One must realistically consider and compare these data. Vasectomy reversal has a pregnancy rate of 26% after 3 years. IVF has a pregnancy rate of 44% in each cycle, with cycles repeatable within 2 months. The cumulative pregnancy rate within 6 months will easily be more than 90%. With this frank comparison of outocome data, why even consider surgical vasectomy reversal?

Although the urge to satisfy a couple's request for a vasectomy reversal is understandable, blindly performing the procedure first without the appropriate evaluation or consideration of the option of sperm retrieval/IVF is not appropriate. For the male fertility expert counseling a couple interested in fertility after vasectomy, sperm retrieval with IVF is the preferred option. Even if vasectomy reversal is initially attempted, the vast majority of couples will require IVF.

REFERENCES

1. Practice Committee of American Society for Reproductive Medicine. Vasectomy reversal. Fertil Steril. 2008;90:S78-82. [ Links ]

2. American College of Obstetricians and Gynecologists Committee on Gynecologic Practice; Practice Committee of the American Society for Reproductive Medicine. Female age-related fertility decline. Committee Opinion No. 589. Obstet Gynecol. 2014;123:719-21. [ Links ]

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9. Herrel LA, Goodman M, Goldstein M, Hsiao W. Outcomes of microsurgical vasovasostomy for vasectomy reversal: a meta-analysis and systematic review. Urology. 2015;85:819-25. [ Links ]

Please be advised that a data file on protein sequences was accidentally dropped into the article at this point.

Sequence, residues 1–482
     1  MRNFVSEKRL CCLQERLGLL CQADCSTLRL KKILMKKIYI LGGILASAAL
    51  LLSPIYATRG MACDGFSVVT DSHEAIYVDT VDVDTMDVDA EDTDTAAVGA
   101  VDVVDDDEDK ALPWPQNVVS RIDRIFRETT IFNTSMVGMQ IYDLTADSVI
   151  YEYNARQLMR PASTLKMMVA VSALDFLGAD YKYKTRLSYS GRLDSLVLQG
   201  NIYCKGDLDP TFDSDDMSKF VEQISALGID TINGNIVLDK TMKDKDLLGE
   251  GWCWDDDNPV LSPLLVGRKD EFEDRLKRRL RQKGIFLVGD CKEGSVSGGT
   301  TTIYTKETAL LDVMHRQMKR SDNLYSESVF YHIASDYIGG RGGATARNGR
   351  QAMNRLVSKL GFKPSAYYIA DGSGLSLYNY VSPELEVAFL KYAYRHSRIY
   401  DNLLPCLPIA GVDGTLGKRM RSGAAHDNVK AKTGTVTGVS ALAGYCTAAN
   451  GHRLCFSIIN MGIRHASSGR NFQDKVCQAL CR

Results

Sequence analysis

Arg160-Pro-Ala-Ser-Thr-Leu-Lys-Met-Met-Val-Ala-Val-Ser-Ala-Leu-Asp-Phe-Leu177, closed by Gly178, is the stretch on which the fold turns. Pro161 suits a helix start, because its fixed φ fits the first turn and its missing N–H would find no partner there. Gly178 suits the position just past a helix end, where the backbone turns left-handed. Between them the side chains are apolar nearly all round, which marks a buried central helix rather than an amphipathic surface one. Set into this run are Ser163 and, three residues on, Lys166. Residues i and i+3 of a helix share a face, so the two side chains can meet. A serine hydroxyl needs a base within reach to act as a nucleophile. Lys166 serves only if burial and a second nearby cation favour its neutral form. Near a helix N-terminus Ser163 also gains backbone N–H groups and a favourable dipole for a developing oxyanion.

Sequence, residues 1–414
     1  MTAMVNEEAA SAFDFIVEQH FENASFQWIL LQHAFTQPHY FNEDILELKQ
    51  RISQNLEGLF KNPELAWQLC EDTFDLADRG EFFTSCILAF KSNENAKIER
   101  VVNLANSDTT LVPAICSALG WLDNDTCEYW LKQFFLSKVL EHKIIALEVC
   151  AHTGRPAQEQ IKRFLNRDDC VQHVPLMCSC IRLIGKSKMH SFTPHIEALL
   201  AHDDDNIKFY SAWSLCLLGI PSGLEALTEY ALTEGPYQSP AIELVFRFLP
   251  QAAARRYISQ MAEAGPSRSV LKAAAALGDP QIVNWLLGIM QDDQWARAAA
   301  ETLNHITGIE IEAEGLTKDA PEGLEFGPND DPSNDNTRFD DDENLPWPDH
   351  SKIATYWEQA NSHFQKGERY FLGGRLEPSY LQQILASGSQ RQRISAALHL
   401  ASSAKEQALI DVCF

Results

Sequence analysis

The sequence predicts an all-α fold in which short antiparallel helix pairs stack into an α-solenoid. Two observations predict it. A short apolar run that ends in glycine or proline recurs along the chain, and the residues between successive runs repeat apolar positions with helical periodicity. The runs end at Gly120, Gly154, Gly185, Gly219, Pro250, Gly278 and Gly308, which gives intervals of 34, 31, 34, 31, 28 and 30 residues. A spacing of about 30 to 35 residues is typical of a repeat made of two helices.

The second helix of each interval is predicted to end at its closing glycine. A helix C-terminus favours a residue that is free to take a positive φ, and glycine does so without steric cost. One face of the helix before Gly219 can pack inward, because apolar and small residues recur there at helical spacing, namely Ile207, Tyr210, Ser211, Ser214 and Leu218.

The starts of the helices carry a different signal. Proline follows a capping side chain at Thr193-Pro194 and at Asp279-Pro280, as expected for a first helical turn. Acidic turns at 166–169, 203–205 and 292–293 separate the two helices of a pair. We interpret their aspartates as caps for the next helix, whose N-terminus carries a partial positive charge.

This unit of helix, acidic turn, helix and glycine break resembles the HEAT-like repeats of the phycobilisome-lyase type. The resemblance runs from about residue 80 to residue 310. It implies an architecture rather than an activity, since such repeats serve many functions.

10. Ramasamy R, Mata DA, Jain L, Perkins AR, Marks SH, Lipshultz LI. Microscopic visualization of intravasal spermatozoa is positively associated with patency after bilateral microsurgical vasovasostomy. Andrology. 2015;3:532-5. [ Links ]

11. Matthews GJ, Schlegel PN, Goldstein M. Patency following microsurgical vasoepididymostomy and vasovasostomy: temporal considerations. J Urol. 1995;154:2070-3. [ Links ]

12. Lee R, Li PS, Schlegel PN, Goldstein M. Reassessing reconstruction in the management of obstructive azoospermia: reconstruction or sperm acquisition? Urol Clin North Am. 2008;35:289-301. [ Links ]

Peter N. Schlegel, Department of Urology, Brady Urology Foundation, Weill Cornell Medical College, New York, NY, USA, 525 East 68th Street, Starr 9, New York, NY 10065, Fax: +1 212 746-8153, E-mail: pnschleg@med.cornell.edu